A Writer’s Rant

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“We all have at least one book in us,” so the saying goes. It may be true, but squeezing that bloody thing out is like induced labor, long, hard and painful, and instead of an epidural, writers have to rely on coffee, beer and prosecco. Then you have to persuade someone to buy it. And that’s like getting your academically average kid into Harvard on a full scholarship.

I’m one of those aspiring novelists, trying to break into this impossibly difficult world, and my days are fraught with self-doubt, frustration, and intermittent spurts of inspiration. And hope, yes, I do tend to cling to that infamous ‘thing with feathers,’ whether false or not. I visualize myself at Barnes & Noble book signings, topping the bestseller list, sipping cocktails with my New York agent…

But when reality creeps back in, as it always does, I resort to retail therapy as a means of escape; at least I know I’m good at shopping.

And the ‘how-to’ vultures are forever lurking, trying to squeeze money out of us poor saps, who think we’ve got a chance. Every time I check my inbox it’s crammed with writing course ads: how to craft the perfect plot, dazzle an agent, spice up your characters, make your work pop, shine and sparkle; and the ever popular, how to write a novel while sitting on the can, or how to write a book while in the can…

Beginners could spend a fortune on trying to become a writer, and there’s no telling if that investment will ever pay off.

How do you know for sure if you’re any good at it, unless you have such validation as a traditionally published novel, or an article in The New York Times? Or even strange ladies with a penchant for pigs, coming up to you saying: “I’m your number one fan…”

Not everyone in the local writing class is going to make it, right? How is the chaff separated from the wheat? It must be a combination of pure luck and persistence. I’m just waiting for the luck part to kick in.

Who would choose such a difficult route in life? Surely, there must be an easier way to make no money?

Yesterday, I loved writing. Today I hate it. Tomorrow is another day…

There are times when I want to quit and go laze on a beach for the rest of my life. Wouldn’t it be easier not to strive, not to persist, not to be constantly knocked down and rejected?

But I guess I’m a bit of a masochist because as hard as it is, I can’t stop. I just keep on writing. I’m stubborn you see, a pure Celt. Welsh to be exact. We don’t give up. So I’m going to fight (in a nice, ‘pen is mightier than the sword,’ kind of way,) for my place on bookshelves, e-readers, or wherever I end up.

So back to the rant…

I write fiction and non-fiction and find reality to be much easier to handle. In fact, with non-fiction I welcome criticism as it helps me improve my craft. I’m even getting to the point where I almost enjoy writing query letters.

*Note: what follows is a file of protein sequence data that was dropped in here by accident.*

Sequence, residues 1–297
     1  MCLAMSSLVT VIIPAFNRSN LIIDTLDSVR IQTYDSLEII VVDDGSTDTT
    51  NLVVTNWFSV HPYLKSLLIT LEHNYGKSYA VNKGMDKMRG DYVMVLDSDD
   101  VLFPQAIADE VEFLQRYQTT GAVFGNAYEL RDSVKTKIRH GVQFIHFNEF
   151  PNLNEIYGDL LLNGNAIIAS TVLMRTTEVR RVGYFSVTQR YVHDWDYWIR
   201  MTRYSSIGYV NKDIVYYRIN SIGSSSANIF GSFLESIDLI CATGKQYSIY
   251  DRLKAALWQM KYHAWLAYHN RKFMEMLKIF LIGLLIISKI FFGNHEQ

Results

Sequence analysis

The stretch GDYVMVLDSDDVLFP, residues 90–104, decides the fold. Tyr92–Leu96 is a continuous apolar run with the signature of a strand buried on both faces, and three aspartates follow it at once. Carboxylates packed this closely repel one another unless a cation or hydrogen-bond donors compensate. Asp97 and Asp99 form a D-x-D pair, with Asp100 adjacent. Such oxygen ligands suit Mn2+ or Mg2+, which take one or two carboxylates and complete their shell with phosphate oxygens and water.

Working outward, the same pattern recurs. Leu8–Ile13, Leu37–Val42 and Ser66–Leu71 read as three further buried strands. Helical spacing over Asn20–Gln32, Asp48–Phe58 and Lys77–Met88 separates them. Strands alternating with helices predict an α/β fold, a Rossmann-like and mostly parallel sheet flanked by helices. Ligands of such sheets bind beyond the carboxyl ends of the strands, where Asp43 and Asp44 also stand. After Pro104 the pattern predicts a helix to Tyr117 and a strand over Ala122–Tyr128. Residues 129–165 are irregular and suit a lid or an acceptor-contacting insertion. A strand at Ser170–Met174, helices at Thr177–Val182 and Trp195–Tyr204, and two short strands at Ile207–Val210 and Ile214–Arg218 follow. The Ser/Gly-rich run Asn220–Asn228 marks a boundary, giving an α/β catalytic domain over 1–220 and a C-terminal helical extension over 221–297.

But fiction is different. I love my novels as if they were my children, and when someone offers their opinion, they may as well have walked into the delivery room, after 2 days of a difficult labor, and casually said: “your baby’s kinda ugly.”

Why the difference? I think it’s what goes into the work that makes fiction writers more testy and sensitive. We perform hare kare with our souls. We expose ourselves on the page, opening a door to our inner worlds. And it’s messy in there, we didn’t clean up before you barged right in. There’s a sink full of dirty dishes, and cat hair on the mat. Did we even clean the litter box? So it’s personal and raw.

The famous quote, attributed to Hemingway (although other writers previously used different versions of it) pretty much sums it up: “There is nothing to writing, all you do is sit down at a typewriter and bleed.”

I’ve found the process of writing fiction both magical and laborious. Getting the first draft down is an intense process. Once I start tapping out words, there comes a point when it takes off and the story writes itself. Thoughts, scenes, dialogue, are coming so fast, that I write in a frenzied fog. 10 hours whizz by with techno music blaring in the background, housework left untouched; my preschooler glued to PBS Kids. I don’t even break for lunch when I’m in the zone. My characters start dictating what they’re going to do and say. I’m just the hired help. And the bearded muse sits in the corner nodding his head, staring over his pince-nez, a lit pipe dangling from his mouth, “keep going, just keep going, you’ll get there,” he says in a gruff, but kind voice. Sometimes he winks.

By now characters can seem like real people and you’re getting well acquainted. You may even spot one of them squeezing melons at the produce section of the grocery store. “It’s how you can tell if they’re ripe,” Georgina tells you, the murder victim in your mystery novel, who just yesterday only existed on your computer. “Have we met before? You seem familiar?” she asks. You grin politely, “No, don’t think so,” turn abruptly and whisper to yourself, “what have I done?”